Monday, March 15

Sumeria Computer Game v0.2

As promised last week, there's a new version of the Sumeria computer game available for download and testing.

This version is a big step up from the last version in that you can actually play the game! However, there's still some functionality missing: noticeably, there's no AI (all human players) and you have to play on a single machine (no play by email/online functionality).

The setup file will run on a windows computer, and requires version 3.5 of the .Net Framework. Please feel free to download and play it and post any feature requests, feedback or bug reports in the comments below.

Friday, March 12

Comes a Time

I've been running Reiver Games for three and a half years now. For the first year and a half I was running it as a hobby - making the games by hand in my spare time around a full time job in IT. Two years ago, I decided to give it a go running Reiver Games as a full-time career.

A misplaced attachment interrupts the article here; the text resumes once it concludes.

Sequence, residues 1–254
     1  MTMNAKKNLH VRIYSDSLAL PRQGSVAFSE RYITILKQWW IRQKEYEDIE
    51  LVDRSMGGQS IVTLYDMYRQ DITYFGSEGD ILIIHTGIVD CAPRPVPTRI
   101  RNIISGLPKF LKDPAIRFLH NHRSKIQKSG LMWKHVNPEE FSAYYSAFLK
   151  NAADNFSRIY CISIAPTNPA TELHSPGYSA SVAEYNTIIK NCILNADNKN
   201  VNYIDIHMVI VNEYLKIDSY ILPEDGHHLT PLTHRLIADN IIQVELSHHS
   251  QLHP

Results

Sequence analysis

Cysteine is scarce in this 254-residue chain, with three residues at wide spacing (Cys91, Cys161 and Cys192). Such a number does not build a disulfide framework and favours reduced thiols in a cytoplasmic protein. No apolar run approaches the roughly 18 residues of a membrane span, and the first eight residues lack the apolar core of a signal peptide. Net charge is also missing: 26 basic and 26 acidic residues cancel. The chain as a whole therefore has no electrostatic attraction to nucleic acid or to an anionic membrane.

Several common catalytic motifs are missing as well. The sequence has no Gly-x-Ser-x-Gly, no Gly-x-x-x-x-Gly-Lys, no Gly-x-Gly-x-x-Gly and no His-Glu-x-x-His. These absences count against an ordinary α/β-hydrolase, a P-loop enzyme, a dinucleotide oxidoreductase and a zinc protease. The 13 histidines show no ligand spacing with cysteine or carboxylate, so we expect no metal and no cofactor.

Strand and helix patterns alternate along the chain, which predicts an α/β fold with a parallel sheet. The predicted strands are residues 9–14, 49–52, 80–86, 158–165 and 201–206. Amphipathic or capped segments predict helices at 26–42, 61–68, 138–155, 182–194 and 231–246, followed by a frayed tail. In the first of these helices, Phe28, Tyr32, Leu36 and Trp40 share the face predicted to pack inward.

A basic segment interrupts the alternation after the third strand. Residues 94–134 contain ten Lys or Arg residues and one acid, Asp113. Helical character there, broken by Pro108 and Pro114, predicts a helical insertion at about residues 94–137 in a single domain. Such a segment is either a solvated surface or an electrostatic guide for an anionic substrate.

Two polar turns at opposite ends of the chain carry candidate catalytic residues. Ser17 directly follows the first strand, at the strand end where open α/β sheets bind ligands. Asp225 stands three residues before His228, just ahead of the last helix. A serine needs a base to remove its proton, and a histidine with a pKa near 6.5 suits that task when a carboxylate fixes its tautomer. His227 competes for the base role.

After two years I'm now in a position to determine whether or not I've been successful. For the first three years Reiver Games was both profitable and growing (both turnover and profit growing). This year the turnover will be slightly down on last year and I probably won't be profitable. It's clear that even in the good years I'm earning nowhere near enough money to invest in new games and make a living. My games just aren't selling quickly enough.